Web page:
Josh Kendall learned a lot about the South Carolina football program while researching and writing his new book, “100 Things South Carolina Fans Should Know & Do Before They Die.”
Now, the USC football beat writer for The State hopes the fans can experience the same level of discovery when they read the book.
“Hopefully, they’ll learn something in every chapter. Clearly, they know who Steve Spurrier is, but maybe they’ll learn something new about him,” Kendall said. “I learned a ton about guys that I really didn’t know about, like Bobby Bryant, who played 14 years with Minnesota on some of the most famous NFL teams in history.”
Kendall, a Georgia graduate who covered the Bulldogs’ athletics teams for nine years, began covering USC football at the start of the 2010 season, which coincided with the greatest three-year stretch in the program’s history.
As the Gamecocks rolled to a 31-9 record in that period, which included a pair of record-setting 11-win seasons and victories in both the Capital One and Outback Bowls, interest has skyrocketed in the program on both local and national levels. Kendall called that a key to getting the book published by Triumph Books, which has produced similar books about other collegiate programs.
“The fact they were willing to do one now on South Carolina is a credit to the football program’s recent increase in profile the last three years,” Kendall said. “They decided the market was right.”
The 272-page book is divided into 100 chapters, with each one documenting a great player, special moment, unique personality or off-the-field connection. They chronicle the good, the bad and the off-beat — both people and events — that comprise USC’s 120-year football history — from Bob Fulton to George Rogers to Cocky to the 1984 Navy game to “Sunshine” Ron Bass to The Hit.
“I didn’t try to rank the greatest moments at all. I tried to make it what the title says — things you should know,” Kendall said. “Even if you’re a South Carolina fan, maybe you don’t know about this guy or that guy, and it could be an interesting part of school history that you should know.”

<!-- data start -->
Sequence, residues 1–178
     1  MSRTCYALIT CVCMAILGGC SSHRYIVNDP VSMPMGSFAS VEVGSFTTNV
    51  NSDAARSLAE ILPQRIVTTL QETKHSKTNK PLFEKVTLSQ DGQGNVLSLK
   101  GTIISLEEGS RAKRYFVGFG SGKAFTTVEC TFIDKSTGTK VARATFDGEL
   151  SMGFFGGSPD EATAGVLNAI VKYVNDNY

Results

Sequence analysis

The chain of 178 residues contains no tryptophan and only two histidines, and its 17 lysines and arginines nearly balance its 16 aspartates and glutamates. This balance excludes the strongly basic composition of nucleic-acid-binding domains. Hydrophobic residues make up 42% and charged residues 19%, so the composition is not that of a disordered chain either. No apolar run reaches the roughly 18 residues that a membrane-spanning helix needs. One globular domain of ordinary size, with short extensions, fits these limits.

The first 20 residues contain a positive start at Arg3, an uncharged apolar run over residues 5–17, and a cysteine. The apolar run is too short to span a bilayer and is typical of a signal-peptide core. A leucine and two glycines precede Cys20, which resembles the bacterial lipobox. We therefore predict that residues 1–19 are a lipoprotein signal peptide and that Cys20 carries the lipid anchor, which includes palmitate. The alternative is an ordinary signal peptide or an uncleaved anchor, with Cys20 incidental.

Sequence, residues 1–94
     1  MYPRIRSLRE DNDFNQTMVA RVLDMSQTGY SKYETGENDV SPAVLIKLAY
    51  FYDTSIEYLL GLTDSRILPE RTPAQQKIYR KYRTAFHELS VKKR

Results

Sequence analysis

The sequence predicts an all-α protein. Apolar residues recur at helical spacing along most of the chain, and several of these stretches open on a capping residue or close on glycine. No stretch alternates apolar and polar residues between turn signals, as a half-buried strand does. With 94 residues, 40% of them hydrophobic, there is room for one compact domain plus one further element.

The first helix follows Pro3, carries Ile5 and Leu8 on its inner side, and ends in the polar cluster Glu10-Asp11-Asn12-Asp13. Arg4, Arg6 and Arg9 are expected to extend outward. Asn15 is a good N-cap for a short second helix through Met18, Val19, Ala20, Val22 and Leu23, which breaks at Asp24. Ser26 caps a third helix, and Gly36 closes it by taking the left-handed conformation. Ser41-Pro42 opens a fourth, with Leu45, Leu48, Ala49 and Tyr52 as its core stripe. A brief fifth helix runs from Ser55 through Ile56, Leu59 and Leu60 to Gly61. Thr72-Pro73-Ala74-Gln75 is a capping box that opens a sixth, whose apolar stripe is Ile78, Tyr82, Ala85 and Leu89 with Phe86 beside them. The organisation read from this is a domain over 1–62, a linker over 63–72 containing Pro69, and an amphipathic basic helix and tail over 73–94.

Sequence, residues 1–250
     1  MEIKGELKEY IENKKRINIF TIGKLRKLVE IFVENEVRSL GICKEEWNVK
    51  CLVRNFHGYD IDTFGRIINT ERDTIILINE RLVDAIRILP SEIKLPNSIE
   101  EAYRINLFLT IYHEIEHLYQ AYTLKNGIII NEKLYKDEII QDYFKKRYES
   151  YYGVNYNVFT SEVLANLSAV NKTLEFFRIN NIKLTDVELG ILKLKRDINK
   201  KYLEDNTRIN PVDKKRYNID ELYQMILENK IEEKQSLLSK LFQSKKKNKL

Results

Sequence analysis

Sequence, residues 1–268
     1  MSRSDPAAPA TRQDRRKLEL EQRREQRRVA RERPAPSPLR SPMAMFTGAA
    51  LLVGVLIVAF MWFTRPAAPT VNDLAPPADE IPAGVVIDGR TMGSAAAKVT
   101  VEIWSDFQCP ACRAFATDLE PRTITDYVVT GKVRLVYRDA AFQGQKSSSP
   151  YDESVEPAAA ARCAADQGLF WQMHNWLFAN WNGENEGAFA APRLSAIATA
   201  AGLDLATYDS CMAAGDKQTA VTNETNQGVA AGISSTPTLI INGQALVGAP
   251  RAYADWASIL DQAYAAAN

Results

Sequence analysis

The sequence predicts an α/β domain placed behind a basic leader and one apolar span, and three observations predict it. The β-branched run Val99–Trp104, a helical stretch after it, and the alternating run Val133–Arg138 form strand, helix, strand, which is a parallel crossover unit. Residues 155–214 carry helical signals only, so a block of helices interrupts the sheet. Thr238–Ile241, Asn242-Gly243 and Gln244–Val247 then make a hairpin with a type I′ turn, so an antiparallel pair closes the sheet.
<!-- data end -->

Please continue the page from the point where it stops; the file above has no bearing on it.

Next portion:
Kendall, for instance, didn’t just learn about Bryant, who played baseball and football from 1964-67. He also discovered more about some of the long-ago legends, such as Tatum Gressette, Earl Clary, Lou Sossamon and Dom Fusci.
“Even the most diehard fans may not know who Tatum Gressette is,” he said.
He gathered the stories from those who led teams to glorious wins. Former Gamecocksquarterbacks such as Tommy Suggs, Jeff Grantz, Mike Hold, Todd Ellis and Steve Taneyhill provide a glimpse into some of their top moments.
Suggs guided USC to the 1969 ACC championship, the only conference title in program history, before becoming the radio analyst. Grantz engineered the 56-20 bulldozing of Clemson in 1975. Hold played a huge role in the 1984 Black Magic season. Ellis, who would later join Suggs in the radio booth, broke almost every passing record while posting eight wins twice from 1986-89. And Taneyhill, along with his famed mullet, dramatically left his signature on the Death Valley Tiger paw at midfield in the 1992 win against Clemson.
Writing the book proved to be an eye-opening experience for Kendall, who got a real sense of Gamecock lore that included the 1961 Sigma Nu prank, the swaying of Williams-Brice Stadium, and the Cockabooses.
“As an outsider to this program until the last four years, you think of South Carolina as sort of a collection of 6-5 seasons,” he said. “Then like any program, you look a little deeper and you realize there were a lot of interesting things going on in those seasons even when they weren’t getting over the hump.”